March 04, 2005
I remember Bush saying during the campaign last year that we needed a leader who didn't govern through polls--the idea being that a president should not lead based on public opinion. Now, I would love to assume that Bush himself is not a leader who governs by the polls, but the evidence--as is usually the case with this administration--contradicts both positions.
First, you have the dreaded word privatization. The word that makes Karl Rove wet himself. As recently as a year ago, if Bush was talking about Social Security, he would use the word "privatization" to discuss his goals for reform. As it turned out, "privatization" didn't poll well among Americans who like Social Security. So then came "private accounts." But wouldn't you know it, that sucked too. So now we're stuck with "personal savings accounts." And when polls show that any word that starts with the letter "P" turns people off to Social Security phase-out, I'm sure we'll have to deal with "Freedom of Choice accounts." Or just "Freedom accounts" or running with the current reason for invading Iraq, "Liberty & Freedom accounts." Either way, it is clear that Bush's language on Social Security phase-out has been driven entirely by polls.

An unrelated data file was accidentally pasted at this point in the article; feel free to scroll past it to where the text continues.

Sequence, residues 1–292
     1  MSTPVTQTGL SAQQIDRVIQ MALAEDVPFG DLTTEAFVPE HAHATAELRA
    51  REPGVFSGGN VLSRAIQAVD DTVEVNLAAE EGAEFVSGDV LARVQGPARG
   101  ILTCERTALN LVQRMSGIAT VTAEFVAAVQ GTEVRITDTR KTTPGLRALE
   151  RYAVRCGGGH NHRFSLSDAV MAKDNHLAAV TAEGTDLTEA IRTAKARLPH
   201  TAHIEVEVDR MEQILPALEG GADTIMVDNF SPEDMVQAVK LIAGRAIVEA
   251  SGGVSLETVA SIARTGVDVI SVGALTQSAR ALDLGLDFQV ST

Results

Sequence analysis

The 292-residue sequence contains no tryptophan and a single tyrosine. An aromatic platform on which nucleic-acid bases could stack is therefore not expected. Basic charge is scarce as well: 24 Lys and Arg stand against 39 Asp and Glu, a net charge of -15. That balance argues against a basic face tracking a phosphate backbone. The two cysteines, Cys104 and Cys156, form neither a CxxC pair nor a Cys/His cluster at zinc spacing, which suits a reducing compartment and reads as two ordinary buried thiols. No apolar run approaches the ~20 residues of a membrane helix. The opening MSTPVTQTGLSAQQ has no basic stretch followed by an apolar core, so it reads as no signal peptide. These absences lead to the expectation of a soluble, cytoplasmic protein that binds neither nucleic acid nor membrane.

Guilty as charged, right? Wrong.
The problem is not that Bush is governing by the polls. The problem is that he is trying to govern by the wrong polls. Rather than focus on the most easily digestible words to use, Bush could learn more by focusing on whether anyone likes his proposals. Most polled Americans do not support his proposals for Social Security phase-out. Not only do we not like the word "private," we don't like the theory either. Because Social Security is not in crisis, and it isn't going bankrupt. Coincidentally, those words don't poll well either, and have thus been dropped from the suitable language rules.
This begs the question, if the polls show that Americans don't support Social Security phase-out, why isn't Bush governing by the polls. Simple. This isn't about saving Social Security, its about dismantling it. It is the culmination of 25 years of right-wing attacks on Social Security. This president--and by extension, the right-wing of the Republican Party--stands on new ground with unprecedented right-wing control of the legislative process. If you think he's just going to govern by the polls, think again.